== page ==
Sport Cricket Justin Langer talks ball-tampering, culture ahead of ODI series

Justin Langer talks ball-tampering, culture ahead of ODI series

justin langer
Justin Langer says Australia will continue to sledge opposition teams. Photo: AAP
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Australian cricket coach Justin Langer has spoken of his devastation at the team’s involvement in the ball-tampering scandal and the culture change he aims to instil ahead of their five-match ODI series against England.

In a candid interview with Nasser Hussain on Sky Sports Cricket in Britain, Langer, alongside newly-appointed captain Tim Paine, said he “nearly died” when the events in South Africa unfolded earlier this year.

“When that moment [the ball-tampering] happened, as a past player and lover of Australia, I nearly died,” Langer said.

“Once upon a time, the opposition didn’t like us because we played really good, hard cricket – we were very skilful and we won a lot of games.

“It’s easy to dislike the opposition if they’re good, but there have been too many whispers in the past 12 months or so about the abuse on the field, or dare I say, the side playing like spoilt brats.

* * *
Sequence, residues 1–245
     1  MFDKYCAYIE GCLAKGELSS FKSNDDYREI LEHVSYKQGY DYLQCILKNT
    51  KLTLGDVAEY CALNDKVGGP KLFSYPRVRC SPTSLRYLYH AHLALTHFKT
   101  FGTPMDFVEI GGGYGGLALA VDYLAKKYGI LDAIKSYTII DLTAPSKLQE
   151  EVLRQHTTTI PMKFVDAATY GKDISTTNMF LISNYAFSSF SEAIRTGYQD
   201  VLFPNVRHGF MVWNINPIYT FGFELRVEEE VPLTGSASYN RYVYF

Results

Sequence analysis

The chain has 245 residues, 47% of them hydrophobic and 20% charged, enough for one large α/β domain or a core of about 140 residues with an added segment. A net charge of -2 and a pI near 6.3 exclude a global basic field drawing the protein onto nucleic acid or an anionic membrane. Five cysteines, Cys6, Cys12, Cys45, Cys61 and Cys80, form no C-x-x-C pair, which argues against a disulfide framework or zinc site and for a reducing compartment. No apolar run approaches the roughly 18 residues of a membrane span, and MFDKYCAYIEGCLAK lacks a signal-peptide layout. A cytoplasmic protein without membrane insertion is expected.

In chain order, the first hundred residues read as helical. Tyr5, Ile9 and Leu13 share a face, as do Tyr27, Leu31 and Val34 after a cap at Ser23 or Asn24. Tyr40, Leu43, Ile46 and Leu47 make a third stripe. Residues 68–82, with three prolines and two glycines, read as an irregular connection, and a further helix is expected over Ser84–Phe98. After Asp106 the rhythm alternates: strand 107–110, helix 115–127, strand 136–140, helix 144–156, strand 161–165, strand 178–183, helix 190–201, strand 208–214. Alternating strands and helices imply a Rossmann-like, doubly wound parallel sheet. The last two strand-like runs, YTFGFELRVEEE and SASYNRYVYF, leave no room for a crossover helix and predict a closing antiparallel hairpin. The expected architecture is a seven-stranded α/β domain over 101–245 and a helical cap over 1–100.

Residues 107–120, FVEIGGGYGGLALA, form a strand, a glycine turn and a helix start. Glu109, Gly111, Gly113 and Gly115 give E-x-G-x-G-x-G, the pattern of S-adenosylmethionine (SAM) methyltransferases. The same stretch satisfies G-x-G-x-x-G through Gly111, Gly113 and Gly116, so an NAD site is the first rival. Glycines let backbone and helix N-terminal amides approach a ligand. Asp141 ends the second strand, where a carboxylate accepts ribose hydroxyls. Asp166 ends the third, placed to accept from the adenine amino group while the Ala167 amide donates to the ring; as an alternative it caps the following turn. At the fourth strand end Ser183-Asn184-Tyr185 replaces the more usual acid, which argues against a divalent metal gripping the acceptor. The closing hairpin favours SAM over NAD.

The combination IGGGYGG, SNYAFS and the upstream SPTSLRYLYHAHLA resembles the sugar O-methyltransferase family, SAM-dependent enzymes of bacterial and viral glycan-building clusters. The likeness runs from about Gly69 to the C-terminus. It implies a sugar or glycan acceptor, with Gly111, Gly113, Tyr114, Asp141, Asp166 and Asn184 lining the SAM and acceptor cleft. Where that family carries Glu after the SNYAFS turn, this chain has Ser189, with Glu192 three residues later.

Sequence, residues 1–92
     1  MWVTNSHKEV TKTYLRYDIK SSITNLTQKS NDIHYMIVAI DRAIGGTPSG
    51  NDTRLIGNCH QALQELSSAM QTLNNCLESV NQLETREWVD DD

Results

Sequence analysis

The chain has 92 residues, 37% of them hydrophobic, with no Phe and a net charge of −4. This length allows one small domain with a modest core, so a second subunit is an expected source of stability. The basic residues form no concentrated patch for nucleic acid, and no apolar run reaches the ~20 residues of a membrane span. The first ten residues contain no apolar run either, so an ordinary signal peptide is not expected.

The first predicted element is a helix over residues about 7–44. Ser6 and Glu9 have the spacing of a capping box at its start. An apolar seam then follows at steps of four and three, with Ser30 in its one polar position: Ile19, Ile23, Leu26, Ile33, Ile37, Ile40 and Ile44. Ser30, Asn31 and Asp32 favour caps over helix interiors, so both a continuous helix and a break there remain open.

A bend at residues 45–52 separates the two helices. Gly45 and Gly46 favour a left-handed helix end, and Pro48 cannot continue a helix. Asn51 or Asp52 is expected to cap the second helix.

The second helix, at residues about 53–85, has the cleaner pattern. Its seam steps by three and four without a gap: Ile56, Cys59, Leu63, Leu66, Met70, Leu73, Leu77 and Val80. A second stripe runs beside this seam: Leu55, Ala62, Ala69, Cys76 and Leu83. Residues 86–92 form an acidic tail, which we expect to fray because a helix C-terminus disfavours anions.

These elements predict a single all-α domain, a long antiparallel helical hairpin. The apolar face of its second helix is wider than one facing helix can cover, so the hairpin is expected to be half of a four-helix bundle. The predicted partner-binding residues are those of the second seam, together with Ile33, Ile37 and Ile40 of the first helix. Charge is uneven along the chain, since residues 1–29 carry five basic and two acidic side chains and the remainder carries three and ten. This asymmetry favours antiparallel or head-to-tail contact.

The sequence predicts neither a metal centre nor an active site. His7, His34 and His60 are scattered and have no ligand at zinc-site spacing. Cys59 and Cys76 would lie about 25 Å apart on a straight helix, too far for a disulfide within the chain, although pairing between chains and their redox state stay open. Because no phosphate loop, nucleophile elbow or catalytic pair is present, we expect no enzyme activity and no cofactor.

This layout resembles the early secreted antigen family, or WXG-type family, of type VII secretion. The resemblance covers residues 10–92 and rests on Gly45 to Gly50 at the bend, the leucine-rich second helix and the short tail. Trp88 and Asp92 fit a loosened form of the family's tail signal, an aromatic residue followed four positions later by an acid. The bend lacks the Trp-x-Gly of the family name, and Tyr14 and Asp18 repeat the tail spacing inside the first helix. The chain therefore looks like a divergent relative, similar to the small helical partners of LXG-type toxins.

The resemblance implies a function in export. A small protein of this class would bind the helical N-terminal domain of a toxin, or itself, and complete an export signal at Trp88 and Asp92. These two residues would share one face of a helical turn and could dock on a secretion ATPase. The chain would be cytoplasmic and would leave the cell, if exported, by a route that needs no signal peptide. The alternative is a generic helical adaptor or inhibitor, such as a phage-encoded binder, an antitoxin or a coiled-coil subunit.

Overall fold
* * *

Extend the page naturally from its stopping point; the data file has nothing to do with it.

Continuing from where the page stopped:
“When I saw it was Cameron Bancroft, my heart nearly came out of my chest. I couldn’t believe it.”

Despite the scandal, the head coach expects Australia to continue to sledge opposition teams while playing hard but fair cricket, with its first test coming on Wednesday against England at The Oval.

Langer said there would always be room for sledging in the sport, adding he “would hate to see the game of cricket played in complete silence”.

“In Australia, [sledging] it’s almost a term of endearment,” he said.

“If I play cards with my 12-year-old daughter Gracie, then we sledge each other, or call it banter or call it chat, whatever you want. I’ll play golf with my mum and dad and go, ‘nice sledge, nice sledge!’.

“But we don’t abuse each other, there is no room for abuse anywhere. I don’t think it is a trait anyone would be proud of, abusing someone.”

Asked whether Steve Smith and David Warner – who are banned from national and state cricket teams for 12 months – would be welcomed back into the side under his captaincy, Paine said they “absolutely” would be.

“David is someone that, personally, when I’ve played with him, I’ve loved playing with him,” he said.

“If we can have David back, understanding the way we want to play our cricket going forward, then there is no reason that he won’t be back and be really successful.

“Same with Steve. I’ve been in regular contact with Steve since this has happened. He’s been really supportive, I bounce things off him most days. I can’t wait to have him back playing.”